Donald Trump’s first full NATO summit is expected to be contentious, if not downright hostile. The U.S. president’s sole goal for Brussels appears to be hammering allies on their defense spending, and it’s even less clear what he wants to do with the remainder of his Europe trip, which includes meetings with a severely weakened Theresa May and Russian strongman Vladimir Putin. What should Europe watchers expect?
Trump’s animosity toward some of the United States’ closest allies and partners in Europe is straining the multinational institutions upon which the U.S.-European relationship is built. He has had borderline obsessive focus on NATO allies’ defense budgets since the beginning of his presidency, and has no problem railing on allies to spend more. Recently, Trump sent a harsh letter to some of the allies excoriating them for not spending enough, saying it is “increasingly difficult to justify to American citizens why some countries do not share NATO’s collective security.” When allies meet in Brussels, more harsh words are to be expected.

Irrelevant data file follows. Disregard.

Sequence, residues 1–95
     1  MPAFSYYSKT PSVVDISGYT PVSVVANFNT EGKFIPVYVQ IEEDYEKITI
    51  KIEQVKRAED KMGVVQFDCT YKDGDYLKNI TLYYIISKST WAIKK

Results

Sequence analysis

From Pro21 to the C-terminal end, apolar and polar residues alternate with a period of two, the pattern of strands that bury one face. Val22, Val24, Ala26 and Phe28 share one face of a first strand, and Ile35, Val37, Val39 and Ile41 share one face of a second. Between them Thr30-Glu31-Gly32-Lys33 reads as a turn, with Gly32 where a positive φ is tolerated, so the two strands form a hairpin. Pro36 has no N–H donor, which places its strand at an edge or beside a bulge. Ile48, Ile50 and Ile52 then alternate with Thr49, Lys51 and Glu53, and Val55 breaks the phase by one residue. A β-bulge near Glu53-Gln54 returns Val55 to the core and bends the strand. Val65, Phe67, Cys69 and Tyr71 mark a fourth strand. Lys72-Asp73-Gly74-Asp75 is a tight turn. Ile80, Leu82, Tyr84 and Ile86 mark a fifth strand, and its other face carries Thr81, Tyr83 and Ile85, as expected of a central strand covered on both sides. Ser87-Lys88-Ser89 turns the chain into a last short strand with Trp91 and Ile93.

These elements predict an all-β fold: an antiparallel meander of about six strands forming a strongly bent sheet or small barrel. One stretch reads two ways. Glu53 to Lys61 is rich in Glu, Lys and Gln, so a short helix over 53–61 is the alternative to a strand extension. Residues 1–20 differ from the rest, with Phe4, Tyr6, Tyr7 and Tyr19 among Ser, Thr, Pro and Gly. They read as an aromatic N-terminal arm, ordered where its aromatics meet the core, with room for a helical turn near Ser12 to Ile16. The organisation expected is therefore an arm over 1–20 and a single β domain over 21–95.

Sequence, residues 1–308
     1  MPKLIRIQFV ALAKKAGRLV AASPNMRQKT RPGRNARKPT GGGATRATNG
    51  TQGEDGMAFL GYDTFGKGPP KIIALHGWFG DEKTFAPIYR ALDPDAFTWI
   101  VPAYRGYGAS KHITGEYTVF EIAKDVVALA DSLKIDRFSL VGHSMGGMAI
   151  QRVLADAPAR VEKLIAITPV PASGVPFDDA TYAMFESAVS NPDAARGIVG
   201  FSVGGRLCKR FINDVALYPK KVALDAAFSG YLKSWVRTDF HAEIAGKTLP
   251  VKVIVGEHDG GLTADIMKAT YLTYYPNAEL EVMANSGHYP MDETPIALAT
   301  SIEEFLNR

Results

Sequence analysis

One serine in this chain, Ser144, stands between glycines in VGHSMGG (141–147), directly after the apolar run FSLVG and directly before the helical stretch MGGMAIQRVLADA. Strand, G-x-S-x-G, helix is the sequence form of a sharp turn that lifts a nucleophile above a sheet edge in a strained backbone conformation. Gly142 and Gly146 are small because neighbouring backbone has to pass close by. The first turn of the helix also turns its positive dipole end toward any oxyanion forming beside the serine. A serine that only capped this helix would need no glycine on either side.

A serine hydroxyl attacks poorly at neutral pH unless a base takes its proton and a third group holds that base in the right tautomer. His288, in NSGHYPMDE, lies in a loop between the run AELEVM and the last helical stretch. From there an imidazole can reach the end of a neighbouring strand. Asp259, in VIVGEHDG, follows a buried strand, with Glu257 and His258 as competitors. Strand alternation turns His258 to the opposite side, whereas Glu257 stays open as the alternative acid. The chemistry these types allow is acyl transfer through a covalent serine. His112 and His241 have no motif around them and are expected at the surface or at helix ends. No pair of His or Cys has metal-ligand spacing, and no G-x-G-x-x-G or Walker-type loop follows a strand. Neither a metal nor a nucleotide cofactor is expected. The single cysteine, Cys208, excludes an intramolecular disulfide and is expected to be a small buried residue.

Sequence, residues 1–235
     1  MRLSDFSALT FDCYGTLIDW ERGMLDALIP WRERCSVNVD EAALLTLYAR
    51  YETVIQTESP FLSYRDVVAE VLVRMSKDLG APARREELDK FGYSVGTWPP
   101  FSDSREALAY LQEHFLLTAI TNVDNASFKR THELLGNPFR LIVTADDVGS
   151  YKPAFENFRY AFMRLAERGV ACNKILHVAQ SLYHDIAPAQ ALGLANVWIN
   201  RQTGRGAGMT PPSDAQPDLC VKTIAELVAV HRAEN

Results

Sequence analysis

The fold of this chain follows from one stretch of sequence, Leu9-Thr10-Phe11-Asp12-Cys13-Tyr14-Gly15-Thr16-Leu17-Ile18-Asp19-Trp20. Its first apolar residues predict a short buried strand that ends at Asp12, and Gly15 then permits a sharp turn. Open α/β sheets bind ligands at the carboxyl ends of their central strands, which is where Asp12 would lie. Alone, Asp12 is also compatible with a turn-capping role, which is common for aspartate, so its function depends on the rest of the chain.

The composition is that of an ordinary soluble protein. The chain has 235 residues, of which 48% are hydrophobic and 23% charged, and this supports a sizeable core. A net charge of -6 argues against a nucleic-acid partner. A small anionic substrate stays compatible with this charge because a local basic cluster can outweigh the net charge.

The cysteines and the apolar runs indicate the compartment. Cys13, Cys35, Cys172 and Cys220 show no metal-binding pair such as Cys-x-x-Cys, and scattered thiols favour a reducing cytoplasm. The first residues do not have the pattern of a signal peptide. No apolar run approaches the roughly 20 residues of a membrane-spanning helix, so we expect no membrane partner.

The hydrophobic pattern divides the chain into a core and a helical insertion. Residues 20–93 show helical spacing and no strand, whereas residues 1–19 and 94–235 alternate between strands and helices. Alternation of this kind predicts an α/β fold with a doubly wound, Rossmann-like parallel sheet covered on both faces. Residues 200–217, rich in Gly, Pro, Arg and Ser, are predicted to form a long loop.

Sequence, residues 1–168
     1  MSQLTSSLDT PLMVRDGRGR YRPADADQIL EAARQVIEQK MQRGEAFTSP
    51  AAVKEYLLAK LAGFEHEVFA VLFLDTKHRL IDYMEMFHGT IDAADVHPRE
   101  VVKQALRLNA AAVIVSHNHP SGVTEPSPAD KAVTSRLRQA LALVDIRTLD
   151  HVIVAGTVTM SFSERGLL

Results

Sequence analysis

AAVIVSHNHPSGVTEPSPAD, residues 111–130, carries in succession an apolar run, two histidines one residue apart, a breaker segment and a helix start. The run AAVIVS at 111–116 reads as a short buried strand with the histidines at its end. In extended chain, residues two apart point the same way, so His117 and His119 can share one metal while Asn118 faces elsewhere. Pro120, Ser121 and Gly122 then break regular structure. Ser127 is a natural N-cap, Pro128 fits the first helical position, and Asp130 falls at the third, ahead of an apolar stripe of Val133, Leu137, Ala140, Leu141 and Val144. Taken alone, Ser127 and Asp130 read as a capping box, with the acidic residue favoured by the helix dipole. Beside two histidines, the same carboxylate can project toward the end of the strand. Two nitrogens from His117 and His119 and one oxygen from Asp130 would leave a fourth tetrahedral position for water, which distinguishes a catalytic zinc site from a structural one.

By all means, Europe must be able to provide for its own defense, and U.S. calls to spend more are neither new nor unwarranted. But Trump is unpopular in Europe, and his constant bullying of NATO allies may actually make it harder for European leaders to gain public support to increase defense spending lest they be seen as kowtowing to the U.S. president. The good news is that Europe recognizes its need to spend more—NATO has seen four consecutive years of allied real increases in defense spending, with each ally not only spending more, but contributing more to NATO missions and operations. Because of this, it is time for the U.S. president to declare victory on the defense spending front and move on to more important issues. Much could be accomplished at this summit, but if Trump only focuses on money, it will be a missed opportunity for the U.S. to reaffirm its commitment to European allies. Unfortunately, expectations are not high.
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